State v. Smith

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Justia Opinion Summary

After a jury trial, Ronald Smith was convicted of murder in the second degree and related offenses. Smith appealed his conviction for second degree murder. The Supreme Court affirmed after (1) reaffirming the holdings of State v. Pettit and Bosche v. State that an intentional killing committed without malice upon a sudden quarrel constitutes the offense of manslaughter, and overruling the holding of State v. Jones that the distinction between second degree murder and manslaughter upon a sudden quarrel is the presence or absence of an intention to kill; (2) holding that the step instruction given in this case was not a correct statement of the law because it (i) required the jury to convict on second degree murder if it found that Smith killed the victim intentionally but (ii) did not permit the jury to consider the alternative possibility that the killing was intentional but provoked by a sudden quarrel and, therefore, constituted manslaughter; and (3) concluding that because there was no evidence in the record upon which the jury could have concluded that Smith committed sudden quarrel manslaughter instead of second degree murder, the improper jury instruction did not prejudice Smith or affect his substantial rights.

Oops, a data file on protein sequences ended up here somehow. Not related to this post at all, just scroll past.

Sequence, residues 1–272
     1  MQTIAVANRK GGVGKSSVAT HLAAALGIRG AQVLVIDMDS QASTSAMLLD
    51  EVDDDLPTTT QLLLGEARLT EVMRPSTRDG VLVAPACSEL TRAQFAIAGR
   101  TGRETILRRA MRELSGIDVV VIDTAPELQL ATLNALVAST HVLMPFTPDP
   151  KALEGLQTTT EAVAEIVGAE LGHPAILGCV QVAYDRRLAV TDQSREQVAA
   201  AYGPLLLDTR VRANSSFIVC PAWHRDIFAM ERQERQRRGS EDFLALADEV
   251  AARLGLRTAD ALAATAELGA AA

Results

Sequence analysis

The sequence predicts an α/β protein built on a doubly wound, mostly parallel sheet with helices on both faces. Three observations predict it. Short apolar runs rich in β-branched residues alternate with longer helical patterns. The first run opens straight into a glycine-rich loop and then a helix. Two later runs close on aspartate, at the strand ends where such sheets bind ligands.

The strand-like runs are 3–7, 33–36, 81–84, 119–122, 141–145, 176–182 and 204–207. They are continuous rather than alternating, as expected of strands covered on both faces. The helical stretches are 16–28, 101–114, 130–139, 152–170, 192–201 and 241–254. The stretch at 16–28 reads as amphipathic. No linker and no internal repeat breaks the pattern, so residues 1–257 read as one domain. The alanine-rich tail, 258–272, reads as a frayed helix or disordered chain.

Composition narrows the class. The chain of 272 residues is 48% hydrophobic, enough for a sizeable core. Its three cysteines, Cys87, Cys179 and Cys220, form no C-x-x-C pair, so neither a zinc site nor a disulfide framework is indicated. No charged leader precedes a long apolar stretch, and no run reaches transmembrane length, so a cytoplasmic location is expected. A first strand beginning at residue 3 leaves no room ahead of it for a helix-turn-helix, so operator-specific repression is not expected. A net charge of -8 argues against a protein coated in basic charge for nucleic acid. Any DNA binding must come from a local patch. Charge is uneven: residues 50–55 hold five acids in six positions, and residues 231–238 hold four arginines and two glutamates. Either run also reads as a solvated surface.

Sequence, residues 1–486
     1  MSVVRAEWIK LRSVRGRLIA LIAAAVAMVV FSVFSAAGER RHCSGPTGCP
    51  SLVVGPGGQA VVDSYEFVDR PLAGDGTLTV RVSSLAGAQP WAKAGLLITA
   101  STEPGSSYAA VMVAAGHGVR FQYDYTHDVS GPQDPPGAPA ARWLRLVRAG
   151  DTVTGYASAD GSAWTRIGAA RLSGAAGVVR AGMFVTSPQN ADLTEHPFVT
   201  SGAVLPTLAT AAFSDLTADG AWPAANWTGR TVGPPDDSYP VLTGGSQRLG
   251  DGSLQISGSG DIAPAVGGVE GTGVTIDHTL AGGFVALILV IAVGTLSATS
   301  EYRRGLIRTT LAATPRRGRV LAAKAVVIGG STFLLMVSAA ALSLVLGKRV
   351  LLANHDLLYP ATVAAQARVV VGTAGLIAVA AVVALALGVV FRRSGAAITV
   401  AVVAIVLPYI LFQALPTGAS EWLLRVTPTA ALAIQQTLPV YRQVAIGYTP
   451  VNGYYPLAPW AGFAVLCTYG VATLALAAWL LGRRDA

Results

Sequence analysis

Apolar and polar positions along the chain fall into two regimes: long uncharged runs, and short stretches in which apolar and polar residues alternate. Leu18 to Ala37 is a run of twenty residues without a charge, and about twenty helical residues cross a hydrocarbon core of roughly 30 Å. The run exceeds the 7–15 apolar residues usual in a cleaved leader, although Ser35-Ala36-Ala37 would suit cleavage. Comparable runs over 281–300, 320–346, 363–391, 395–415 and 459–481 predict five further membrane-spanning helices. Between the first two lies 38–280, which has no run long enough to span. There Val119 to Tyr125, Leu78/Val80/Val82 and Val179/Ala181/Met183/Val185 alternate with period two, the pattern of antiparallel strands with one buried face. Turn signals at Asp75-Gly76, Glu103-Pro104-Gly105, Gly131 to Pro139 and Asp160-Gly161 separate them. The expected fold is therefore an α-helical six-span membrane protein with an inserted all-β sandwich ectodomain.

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Nebraska Advance Sheets 720 282 nebraska reports State of Nebraska, appellee, v. Ronald G. Smith, appellant. ___ N.W.2d ___ Filed November 18, 2011. No. S-09-1107. 1. Jury Instructions: Appeal and Error. Whether a jury instruction is correct is a question of law, regarding which an appellate court is obligated to reach a conclusion independent of the determination reached by the trial court. 2. Constitutional Law: Due Process. The determination of whether the procedures afforded an individual comport with constitutional requirements for procedural due process presents a question of law. 3. Homicide: Words and Phrases. A sudden quarrel is a legally recognized and sufficient provocation which causes a reasonable person to lose normal self-­control. 4. ____: ____. A sudden quarrel does not necessarily mean an exchange of angry words or an altercation contemporaneous with an unlawful killing and does not require a physical struggle or other combative corporal contact between the defendant and the victim. 5. Homicide: Intent. It is not the provocation alone that reduces the grade of the crime, but, rather, the sudden happening or occurrence of the provocation so as to render the mind incapable of reflection and obscure the reason so that the elements necessary to constitute murder are absent. 6. ____: ____. In determining whether a killing constitutes murder or sudden quarrel manslaughter, the question is whether there existed reasonable and adequate provocation to excite one s passion and obscure and disturb one s power of reasoning to the extent that one acted rashly and from passion, without due deliberation and reflection, rather than from judgment. The test is an objective one. Qualities peculiar to the defendant which render him or her particularly excitable, such as intoxication, are not considered. 7. Criminal Law: Statutes. It is a fundamental principle of statutory construction that penal statutes be strictly construed. 8. Statutes: Legislature: Intent. The principal objective of construing a statute is to determine and give effect to the legislative intent of the enactment. 9. ____: ____: ____. In construing a statute, a court must determine and give effect to the purpose and intent of the Legislature as ascertained from the entire language of the statute considered in its plain, ordinary, and popular sense. 10. Homicide: Intent. An intentional killing committed without malice upon a sudden quarrel constitutes the offense of manslaughter. 11. Jury Instructions: Proof: New Trial: Appeal and Error. In order to find that a trial court s error in giving an incorrect jury instruction warrants a new trial, it must be shown that a substantial right of the defendant was adversely affected and that the defendant was prejudiced thereby. Appeal from the District Court for Otoe County: R andall L. R ehmeier, Judge. Affirmed. Nebraska Advance Sheets state v. smith Cite as 282 Neb. 720 721 James R. Mowbray and Jerry L. Soucie, of Nebraska Commission on Public Advocacy, for appellant. Jon Bruning, Attorney General, and James D. Smith for appellee. Heavican, C.J., Wright, Connolly, Gerrard, Stephan, McCormack, and Miller-Lerman, JJ. Stephan, J. On February 13, 2009, Ronald G. Smith was charged by information with one count of murder in the second degree; one count of first degree forgery, which was later amended to second degree forgery; and one count of theft by taking. All three charges related to the death of Terri Harris. After a jury trial, Smith was convicted and sentenced on all three counts. He then filed this timely appeal, assigning error only with respect to his conviction for second degree murder, for which he was sentenced to 40 to 70 years imprisonment. FACTS Smith and Harris lived together in a single family residence in Syracuse, Nebraska. In November 2008, both were laid off from their jobs at a Syracuse manufacturing company. Both received severance checks in December as a result of the layoffs; Harris check was for $3,067.51, and Smith s check was for $3,218.97. Smith cashed his check at a Syracuse bank on December 19, 2008. Smith cashed Harris check at the drive-through window of the same bank at approximately 10 a.m. on December 23. He was driving Harris vehicle at the time and told the teller that he needed the money because Harris had broken her leg and was in the hospital. Smith left Syracuse after cashing the check. From December 23 to 25, 2008, both Harris adult son and Harris sister tried unsuccessfully to contact her on her cellu­ lar telephone. Finally, on December 25, Harris sister called Smith on his cellular telephone to ask if he knew where Harris was. Smith told the sister that Harris was having trouble with her cellular telephone, but that he had seen her that morning Nebraska Advance Sheets 722 282 nebraska reports and that she was fine. Smith also told the sister that he was in St. Louis, Missouri, and that he would be back home the next day. Harris sister remained concerned after speaking with Smith, so she called Harris son and asked him to go to the house and check on Harris. The son went to the house at approximately 5:30 p.m. on December 25, 2008. He discovered Harris body on the floor of the bedroom. The body was face up, lodged between the bed and the wall, and partially covered with a blanket. A pillow covered in a dark-blue pillowcase was found on the floor near Harris head, and strands of her hair and blood were found on the pillowcase and pillow. Investigators did not observe any defensive wounds on Harris hands or arms and saw no signs that a struggle had occurred in the room. Investigators noticed that the mattress on the bed was shifted about 6 inches to one side, so that the mattress and boxspring did not meet on the side of the bed where Harris body was found. After finding his mother s body, Harris son made several calls to Smith s cellular telephone and left angry messages, informing Smith that the police were looking for him. Smith did not return the calls. On December 27, 2008, a tearful Smith called the 911 emergency dispatch service in Illinois and stated that he had been on a drug and alcohol binge for 2 weeks and thought he had killed someone in Nebraska. When Smith was subsequently arrested by Illinois law enforcement authorities, he was extremely intoxicated; hospital records show he had a blood alcohol content of .435 on the evening of December 27. Smith was interviewed by Nebraska law enforcement authorities on December 28, 2008, at 2:35 p.m. He was informed of and waived his Miranda rights prior to this interview. The interview was recorded and was played to the jury at trial. During the interview, Smith stated that after losing his job, he began drinking and using methamphetamine on a regular basis. Smith said that he arrived at the home which he and Harris shared at approximately 1 a.m. on December 22, 2008, after a night of drinking and drug use. Harris was asleep in the bedroom when he arrived, and Smith slept on the couch. When Nebraska Advance Sheets state v. smith Cite as 282 Neb. 720 723 Smith awoke at approximately 5:30 or 6 a.m., he and Harris began arguing in the bedroom. They argued about Smith s drinking and drug use, their recent layoffs, and money. At some point during the argument, Smith pushed Harris from her bed. She hit the floor hard and lay there motionless with her face up. Smith took a pillow from the bed and held it over Harris face for 1 to 2 minutes. She did not resist. Smith covered Harris with a blanket, kissed her, and left the house in Harris vehicle. He admitted that he took Harris severance check, cashed it, and then left the state. Harris cellular telephone and $15.65 in cash was found in Smith s motel room at the time of his arrest in Illinois. During his interrogation, Smith wrote a note to Harris family in which he stated: There is nothing I can say to justify my actions. . . . I just hope your family can move on. Sorry is not enough I know that but its [sic] all I can do right now. Two medical experts testified as to the cause of Harris death. The pathologist who testified for the State had performed the autopsy on Harris and had authored a report stating that Harris cause of death was undetermined, but that nothing in the autopsy was inconsistent with a death caused by smothering. A forensic pathologist testified for Smith. He reviewed photo­ graphs of the autopsy, the autopsy report, photographs of the crime scene, and Harris medical records. He testified that Harris died from natural causes, specifically, heart disease and sleep apnea. He opined that smothering could not have been the cause of Harris death, because there was no forensic evidence of a struggle prior to her death. During the jury instruction conference, Smith objected to the trial court s proposed instruction on the elements of second degree murder, and submitted his own. The district court refused to give Smith s requested instruction and instead gave a pattern second degree murder instruction to the jury. The jury was instructed that to convict Smith of murder in the second degree, the State had to prove beyond a reasonable doubt that Smith killed Harris intentionally but without premeditation. The jury was then instructed that if it found the State had proved each element beyond a reasonable doubt, it was its duty to find [Smith] guilty of the crime of murder in Nebraska Advance Sheets 724 282 nebraska reports the second degree. The jury was instructed that it could proceed to consider whether Smith committed manslaughter if it found that the State had failed to prove any one or more of the material elements of second degree murder beyond a reasonable doubt. Smith was convicted of second degree murder, second degree forgery, and theft by taking. After he was sentenced for each offense, he filed this timely appeal, challenging only his conviction for second degree murder. We granted his petition to bypass. ASSIGNMENTS OF ERROR Smith assigns that the district court (1) erred in failing to give his requested jury instruction on second degree murder and (2) violated his constitutional right to due process by failing to instruct the jury that the distinction between second degree murder and manslaughter is based on whether the specific intent to kill was or was not the result of a sudden ­quarrel. STANDARD OF REVIEW [1] Whether a jury instruction is correct is a question of law, regarding which an appellate court is obligated to reach a conclusion independent of the determination reached by the trial court. [2] The determination of whether the procedures afforded an individual comport with constitutional requirements for procedural due process presents a question of law. ANALYSIS Smith contends that the jury was not properly instructed on the distinction between second degree murder and manslaughter. Because all crimes are statutory in Nebraska, and no act is criminal unless the Legislature has in express terms declared it State v. Vela, 279 Neb. 94, 777 N.W.2d 266 (2010); State v. Schmidt, 276 Neb. 723, 757 N.W.2d 291 (2008). State v. Goodwin, 278 Neb. 945, 774 N.W.2d 733 (2009); State v. Lotter, 278 Neb. 466, 771 N.W.2d 551 (2009). Nebraska Advance Sheets state v. smith Cite as 282 Neb. 720 725 to be so, we begin with the statutory elements of the offenses. A person commits murder in the second degree if he causes the death of a person intentionally, but without premeditation. Second degree murder is a Class 1B felony, punishable by imprisonment for a minimum term of 20 years and a maximum term of life. The statutory definition of manslaughter is expressed in an inclusive disjunction, namely: A person commits manslaughter if he kills another without malice, either upon a sudden quarrel, or causes the death of another unintentionally while in the commission of an unlawful act. Manslaughter is a Class III felony punishable by a maximum term of imprisonment of 20 years, a $25,000 fine, or both. The statutes defining the elements of these offenses have remained unchanged since 1977. In this case, we are concerned with the first type of manslaughter defined by § 28-305(1), which we shall refer to as sudden quarrel manslaughter or voluntary manslaughter. Nature of Sudden Quarrel [3-6] A sudden quarrel is a legally recognized and sufficient provocation which causes a reasonable person to lose normal self-control.10 It does not necessarily mean an exchange of angry words or an altercation contemporaneous with an unlawful killing and does not require a physical struggle or other combative corporal contact between the defendant and the 10 See, State v. Claussen, 276 Neb. 630, 756 N.W.2d 163 (2008); State v. Gozzola, 273 Neb. 309, 729 N.W.2d 87 (2007). Neb. Rev. Stat. § 28-304(1) (Reissue 2008). Neb. Rev. Stat. § 28-105(1) (Reissue 2008) and § 28-304(2). State v. Pettit, 233 Neb. 436, 445, 445 N.W.2d 890, 896 (1989), overruled on other grounds, State v. Jones, 245 Neb. 821, 515 N.W.2d 654 (1994). Neb. Rev. Stat. § 28-305(1) (Reissue 2008). §§ 28-105(1) and 28-305(2). See 1977 Neb. Laws, L.B. 38, §§ 19 and 20. State v. Thomas, 262 Neb. 985, 637 N.W.2d 632 (2002); State v. Lyle, 245 Neb. 354, 513 N.W.2d 293 (1994). Nebraska Advance Sheets 726 282 nebraska reports v ­ ictim.11 It is not the provocation alone that reduces the grade of the crime, but, rather, the sudden happening or occurrence of the provocation so as to render the mind incapable of reflection and obscure the reason so that the elements necessary to constitute murder are absent.12 The question is whether there existed reasonable and adequate provocation to excite one s passion and obscure and disturb one s power of reasoning to the extent that one acted rashly and from passion, without due deliberation and reflection, rather than from judgment.13 The test is an objective one.14 Qualities peculiar to the defendant which render him or her particularly excitable, such as intoxication, are not considered.15 In State v. Vosler,16 we reversed a conviction for second degree murder because the jury had not been instructed on sudden quarrel manslaughter. In that case, the defendant s wife was hospitalized after a suicide attempt stemming from her despondency over an extramarital affair she was having with her husband s close friend. The defendant came to the hospital with a weapon, intending to kill himself in his wife s presence. When he arrived in the hospital room and observed his friend hugging and kissing his wife, he shot and killed his friend. On these facts, we held the jury should have been instructed on sudden quarrel, because the jury would have been justified in finding that the defendant was provoked into killing the victim by the display of affection between his wife and the victim. 17 But in State v. Lyle,18 we held that a trial judge did not err in convicting the defendant of first degree murder, and not 11 12 13 14 15 16 17 18 Lyle, supra note 10; State v. Vosler, 216 Neb. 461, 345 N.W.2d 806 (1984). See Lyle, supra note 10. See, id.; State v. Cave, 240 Neb. 783, 484 N.W.2d 458 (1992). See id. See Cave, supra note 13. Vosler, supra note 11. Id. at 465, 345 N.W.2d at 809. Lyle, supra note 10. Nebraska Advance Sheets state v. smith Cite as 282 Neb. 720 727 sudden quarrel manslaughter. After fighting with his brother, the defend­ant left and then returned about 20 minutes later and fatally shot his brother. We noted that while the defend­ ant s anger may have been the motivating factor behind the killing, the fact that [the defendant] was angry is not the standard for reducing a murder to manslaughter. Rather, it is whether [the defendant s] anger was prompted by a provocation which would so provoke a reasonable person to obscure and disturb his power of reasoning to the extent that he acted rashly and from passion, without due deliberation and reflection.19 We further noted: The concept of manslaughter is a concession to the infirmity of human nature, not an excuse for undue or abnormal irascibility . . . . 20 Jury Instructions Smith contends that the step instruction given by the district court deprived him of due process because it did not allow the jury to consider whether his specific intent to kill was the result of a sudden quarrel. Smith acknowledges that this argument runs contrary to current Nebraska law as set forth in State v. Jones,21 in which this court reversed State v. Pettit22 and held that there is no requirement of an intention to kill in committing manslaughter. The distinction between second degree murder and manslaughter upon a sudden quarrel is the presence or absence of an intention to kill. 23 Smith effectively argues that Jones should be overruled, because it is based upon the same reasoning as prior cases holding that malice was an element of second degree murder, which we overruled in State v. Burlison.24 19 Id. at 364, 513 N.W.2d at 302. Id., quoting Com. v. Pirela, 510 Pa. 43, 507 A.2d 23 (1986). 21 Jones, supra note 6. 22 Pettit, supra note 6. 23 Jones, supra note 6, 245 Neb. at 830, 515 N.W.2d at 659. 24 State v. Burlison, 255 Neb. 190, 583 N.W.2d 31 (1998). 20 Nebraska Advance Sheets 728 282 nebraska reports The question of whether an intentional killing may constitute sudden quarrel manslaughter has vexed this court for many years. At its root is the statutory language defining manslaughter as a killing which is committed without malice. 25 In State v. Batiste,26 this court considered an argument that the evidence was insufficient to support a first degree murder conviction and established, at most, only sudden quarrel manslaughter. Focusing on the phrase without malice, this court reasoned: Malice, in a legal sense, denotes that condition of mind which is manifested by the intentional doing of a wrongful act without just cause or excuse. . . . Thus, to constitute manslaughter, the slayer must have no intention of doing the wrongful act of killing another without just cause or excuse.27 From this, the court reasoned that if a killing is done intentionally without legal cause or excuse, then there is malice, and the degree of killing is greater than manslaughter because malice is involved. 28 Several months after the Batiste decision, this court revisited the meaning of the phrase without malice in Pettit.29 There, the defendant was convicted of manslaughter in the death of his wife, which occurred after an argument. The defendant contended that he intended to kill himself, but accidentally shot his wife. The State countered that because the fatal shooting occurred during a sudden quarrel, it constituted manslaughter, regardless of the defendant s intent. This court framed the issue as whether manslaughter upon a sudden quarrel requires the element of intent to kill or whether strict accountability for another s death upon a sudden quarrel eliminates intent to kill as an element of the felony designated as manslaughter. 30 Examining the common-law roots of the crime of 25 § 28-305(1). State v. Batiste, 231 Neb. 481, 437 N.W.2d 125 (1989). 27 Id. at 488, 437 N.W.2d at 130 (citations omitted). 28 Id. 29 Pettit, supra note 6. 30 Id. at 445, 445 N.W.2d at 896. 26 Nebraska Advance Sheets state v. smith Cite as 282 Neb. 720 729 manslaughter, this court noted that adequate legal provocation eliminated malice from murder, and [f]or that reason, the phrase without malice, in reference to voluntary manslaughter, does not mean without intention, but means a willful act, characterized by the presence of an intent to kill . . . . 31 After further analysis of decisions by other state courts holding that an accidental killing is not voluntary manslaughter, the Pettit court concluded: Consequently, we hold that, to sustain a conviction for voluntary manslaughter under § 28-305(1), that is, a conviction for killing another, without malice, upon a sudden quarrel, the State, by evidence beyond a reasonable doubt, must prove that the defendant intended to kill, and did kill, another. Thus, intentional criminal homicide as the result of legally recognized provocation distinguishes voluntary manslaughter upon a sudden quarrel from another intentional criminal homicide, murder in the second degree, namely, A person commits murder in the second degree if he causes the death of a person intentionally, but without premeditation. 32 Pettit disapproved of the language in Batiste to the effect that an intentional killing is not an element of voluntary manslaughter as defined by § 28-305(1). But the opinion in Pettit was not unanimous. A dissent reasoned that common-law voluntary manslaughter was subsumed by the crime of second degree murder and that malice is a judicially supplied essential element in second degree murder to distinguish second degree murder from an intentional killing that is permitted by law under certain circumstances. 33 The dissent concluded: If a person is killed intentionally, whether done upon a sudden quarrel or not, the act is obviously done with malice, because killing another is an unlawful act unless the killing is exempt under §§ 28-1406 to 28-1416. It 31 32 33 Id. at 450-51, 445 N.W.2d at 899, quoting People v. Brubaker, 53 Cal. 2d 37, 346 P.2d 8 (1959). Id. at 460, 445 N.W.2d at 905. Id. at 470, 474-75, 445 N.W.2d at 910, 913-14 (Fahrnbruch, J., dissenting; White, J., joins). Nebraska Advance Sheets 730 282 nebraska reports is logically impossible to distinguish between a killing done intentionally and one done without malice. A killing committed without malice is one committed u ­ nintentionally.34 In State v. Myers,35 we held that malice was an element of second degree murder, notwithstanding the fact that it is not included in the statutory definition of that crime. In holding that a jury instruction which did not include malice as an element constituted plain error, the Myers court reasoned: By omitting the element of malice from the second degree murder instruction, the instruction in effect became one for the crime of intentional manslaughter as defined by this court in [Pettit]. Malice is not an essential element of manslaughter. 36 Jones, decided approximately 5 months after Myers, extended this reasoning to the issue before us in this case: whether an intentional killing can constitute sudden quarrel manslaughter. The court concluded: Since our statutes define manslaughter as a killing without malice, there is no requirement of an intention to kill in committing manslaughter. The distinction between second degree murder and manslaughter upon a sudden quarrel is the presence or absence of an intention to kill. [Pettit] was incorrect in its reasoning and holding, and to that extent, it is overruled.37 In Burlison,38 this court reversed the holdings of Myers and its progeny, including Jones, that malice was an element of second degree murder. We held that the elements of second degree murder included only those stated in the statutory definition of the crime and that the definition was not constitutionally overbroad. Burlison did not address the distinct but analytically related holding of Jones that because the statutory definition of 34 Id. at 476, 445 N.W.2d at 913-14 (Fahrnbruch, J., dissenting; White, J., joins). 35 State v. Myers, 244 Neb. 905, 510 N.W.2d 58 (1994). 36 Id. at 909, 510 N.W.2d at 63. 37 Jones, supra note 6, 245 Neb. at 830, 515 N.W.2d at 659. 38 Burlison, supra note 24. Nebraska Advance Sheets state v. smith Cite as 282 Neb. 720 731 manslaughter includes the phrase without malice, an intentional killing can never constitute sudden quarrel manslaughter. We turn to that issue now. [7-9] We begin our analysis, as we did in Burlison, with the language which the Legislature used to define the crime: A person commits manslaughter if he kills another without malice, either upon a sudden quarrel, or causes the death of another unintentionally while in the commission of an unlawful act. 39 It is a fundamental principle of statutory construction that penal statutes be strictly construed.40 The principal objective of construing a statute is to determine and give effect to the legislative intent of the enactment.41 In construing a statute, a court must determine and give effect to the purpose and intent of the Legislature as ascertained from the entire language of the statute considered in its plain, ordinary, and popular sense.42 The first clause of the statute defines manslaughter as a killing without malice, and the remainder of the sentence describes two ways in which the offense of manslaughter can be committed. Logically and semantically, the phrase without malice applies to both categories of manslaughter. In the second clause of the sentence, which describes those categories, the Legislature used the term unintentionally. But given its syntactic placement in § 28-305(1), the word unintentionally modifies the language of the statute describing the second category of manslaughter, i.e., a killing committed in the commission of an unlawful act, but not the first, i.e., upon a sudden quarrel. There is no corresponding reference to intent, or the absence thereof, in the preceding phrase defining sudden quarrel manslaughter. Had the Legislature intended the word unintentionally to apply to both categories, it could have 39 40 41 42 § 28-305(1). See, State v. Huff, ante p. 78, 802 N.W.2d 77 (2011); State v. Lasu, 278 Neb. 180, 768 N.W.2d 447 (2009). State v. Lebeau, 280 Neb. 238, 784 N.W.2d 921 (2010). State v. Wester, 269 Neb. 295, 691 N.W.2d 536 (2005); State v. Lotter, 266 Neb. 758, 669 N.W.2d 438 (2003). Nebraska Advance Sheets 732 282 nebraska reports placed the word in the first clause of the sentence along with the phrase without malice. In Jones, this court essentially rewrote § 28-305(1) to accomplish exactly that. It did so based upon a perceived necessity of distinguishing sudden quarrel manslaughter from second degree murder, which was a part of the rationale for judicially grafting the element of malice into the statutory definition of second degree murder in Myers and subsequent second degree murder cases prior to Burlison. The holding in Jones was based on the premise that malice is the equivalent of intent to kill. For the reasons which underlie our decision in Burlison, we now conclude that this was error. It is the province of the legislative branch, not the judiciary, to define criminal offenses within constitutional boundaries.43 [J]udicial construction is constitutionally permissible, but judicial legislation is not. 44 The plain and unambiguous language used by the Legislature to define the crime of manslaughter clearly specifies the different factors which distinguish the two categories of manslaughter from second degree murder. With respect to manslaughter involving a killing in the commission of an unlawful act, the distinguishing factor is the absence of an intent to kill. But with respect to sudden quarrel manslaughter, the distinguishing factor is that the killing, even if intentional, was the result of a legally recognized provocation, i.e., the sudden quarrel, as that term has been defined by our jurisprudence.45 The holding of Jones that an intentional killing cannot constitute sudden quarrel manslaughter is inconsistent not only with the language of § 28-305(1), but also with its commonlaw roots. At common law, homicide, even if intentional, was said to be without malice and hence manslaughter if committed 43 44 45 See Burlison, supra note 24. Id. at 201-02, 583 N.W.2d at 39 (Wright, J., concurring; Connolly and Gerrard, JJ., join). See State v. Woods, 249 Neb. 138, 542 N.W.2d 410 (1996) (Gerrard, J., concurring). Nebraska Advance Sheets state v. smith Cite as 282 Neb. 720 733 in the heat of passion upon adequate provocation. 46 More than a century ago, this court stated in Boche v. State47 that statutory language which defined manslaughter as a killing without malice, either upon a sudden quarrel, or unintentionally, while the slayer is in the commission of some unlawful act made no change in the common-law definition of manslaughter. The court further stated: In the first class of cases referred to in the statute the homicide must have been intentional, but in sudden passion or heat of blood caused by a reasonable provocation, and without malice; in the latter clause the killing must have been unintentional, but caused while the slayer was committing some act prohibited by law . . . .48 In Pettit, this court undertook a thorough review of decisions by other state courts which construed similar or identical statutory provisions in a manner consistent with Boche.49 The same holds true today. As one commentator notes: Voluntary manslaughter in most jurisdictions consists of an intentional homicide committed under extenuating circumstances which mitigate, though they do not justify or excuse, the killing. The principal extenuating circumstance is the fact that the defendant, when he killed the victim, was in a state of passion engendered in him by an adequate provocation (i.e., a provocation which would cause a reasonable man to lose his normal self-control).50 Common examples of this type of manslaughter include a killing provoked by the sudden discovery of a spouse in the act of committing adultery and a killing provoked during a physical altercation in which the participants voluntarily engaged.51 46 A.L.I., Model Penal Code and Commentaries § 210.3, comment 1 at 44 (1980). 47 Boche v. State, 84 Neb. 845, 853, 122 N.W. 72, 75 (1909). 48 Id. at 854, 122 N.W. at 75. 49 See Pettit, supra note 6. 50 2 Wayne R. LaFave, Substantive Criminal Law § 15.2 at 491 (2d ed. 2003). 51 Id., § 15.2(b)(2) and (5). Nebraska Advance Sheets 734 282 nebraska reports It is nonsensical to regard sudden quarrel as a provocation, as this court and many others have, but then conclude that lethal response to the provocation must be unintentional in order to constitute voluntary manslaughter. Provocation is that which incites another to do something.52 As one commentator has observed, in the context of sudden quarrel manslaughter, [p]rovocation not only causes anger; it motivates the actor to want to kill the provoker. Proof, then, of adequate provocation does not negat[e] intent. It magnifies it. 53 [10] In Burlison, we recognized that our duty to ensure that statutes are interpreted correctly is in no way diminished when the error we perceive is our own. 54 For the foregoing reasons, we conclude that the analysis and holding of Pettit was correct and that the holding of Jones that [t]he distinction between second degree murder and manslaughter upon a sudden quarrel is the presence or absence of an intention to kill was error.55 We therefore overrule this holding in Jones and reaffirm the holdings of Pettit and Bosche that an intentional killing committed without malice upon a sudden quarrel, as that term is defined by our jurisprudence, constitutes the offense of m ­ anslaughter. Because of our holding today, the step instruction given in this case was not a correct statement of the law. Specifically, the step instruction required the jury to convict on second degree murder if it found that Smith killed Harris intentionally, but it did not permit the jury to consider the alternative possibility that the killing was intentional but provoked by a sudden quarrel, and therefore constituted manslaughter. Prejudice [11] Having identified trial error, we must now consider whether it was prejudicial or harmless. Before an error in the giving of jury instructions can be considered as a ground for 52 Black s Law Dictionary 1346 (9th ed. 2009). Joshua Dressler, Rethinking Heat of Passion: A Defense in Search of a Rationale, 73 J. Crim. L. & Criminology 421, 462 (1982). 54 Burlison, supra note 24, 255 Neb. at 196, 583 N.W.2d at 36. 55 Jones, supra note 6, 245 Neb. at 830, 515 N.W.2d at 659. 53 Nebraska Advance Sheets state v. smith Cite as 282 Neb. 720 735 reversal of a conviction, it must be considered prejudicial to the rights of the defendant.56 The appellant has the burden to show that the questioned instruction was prejudicial or otherwise adversely affected a substantial right of the appellant.57 A trial court is required to give an instruction where there is any evidence which could be believed by the trier of fact that the defendant committed manslaughter and not murder.58 But a trial court is not obligated to instruct the jury on matters which are not supported by evidence in the record.59 In the context of this case, Smith was prejudiced by the erroneous jury instruction only if the jury could reasonably have concluded on the evidence presented that his intent to kill was the result of a sudden quarrel. The only evidence of the events which transpired immediately prior to Harris death is the video recording of Smith s interrogation following his arrest, as summarized above. From this, the jury could reasonably infer that Smith and Harris had been arguing and that Smith was angry. But there is no evidence explaining how or by whom the argument was started, its duration, or any specific words which were spoken or actions which were taken before Smith pushed Harris to the floor. And most importantly, there is no evidence that Harris said or did anything which would have provoked a reasonable person in Smith s position to push her from the bed and smother her with a pillow. In the absence of some provocation, a defendant s anger with the victim is not sufficient to establish the requisite heat of passion.60 Nor does evidence of a string of prior arguments and a continuing dispute without any indication of some sort of instant incitement constitute a sufficient showing to warrant a voluntary manslaughter instruction.61 56 State v. Almasaudi, ante p. 162, 802 N.W.2d 110 (2011); State v. Erickson, 281 Neb. 31, 793 N.W.2d 155 (2011). 57 See State v. Almasaudi, supra note 56. 58 See Neb. Rev. Stat. § 29-2027 (Reissue 2008). 59 State v. Davlin, 263 Neb. 283, 639 N.W.2d 631 (2002). 60 Lyle, supra note 10. 61 Id. Nebraska Advance Sheets 736 282 nebraska reports We conclude that there is no evidence in this record upon which the jury could have concluded that Smith committed sudden quarrel manslaughter instead of second degree murder. We therefore conclude that the improper jury instruction did not prejudice Smith or affect his substantial rights, and does not require the reversal of his second degree murder c ­ onviction. CONCLUSION For the foregoing reasons, we affirm the judgment of the district court. Affirmed. Wright, J., not participating in the decision. State of Nebraska, appellee, v. R ichard A. Halverstadt, appellant. ___ N.W.2d ___ Filed November 18, 2011. No. S-11-145. 1. Statutes: Appeal and Error. Statutory interpretation is a question of law on which an appellate court has an obligation to reach an independent conclusion irrespective of the determination made by the court below. 2. ____: ____. Statutory language is to be given its plain and ordinary meaning. An appellate court will not resort to interpretation to ascertain the meaning of statutory words which are plain, direct, and unambiguous. Appeal from the District Court for Lancaster County, Jodi Nelson, Judge, on appeal thereto from the County Court for Lancaster County, Jean A. Lovell, Judge. Judgment of District Court affirmed in part and in part reversed, and cause remanded with directions. Jeffry D. Patterson, of Bartle & Geier Law Firm, for a ­ ppellant. Jon Bruning, Attorney General, and Kimberly A. Klein for appellee. Heavican, C.J., Connolly, Stephan, McCormack, and Miller-Lerman, JJ.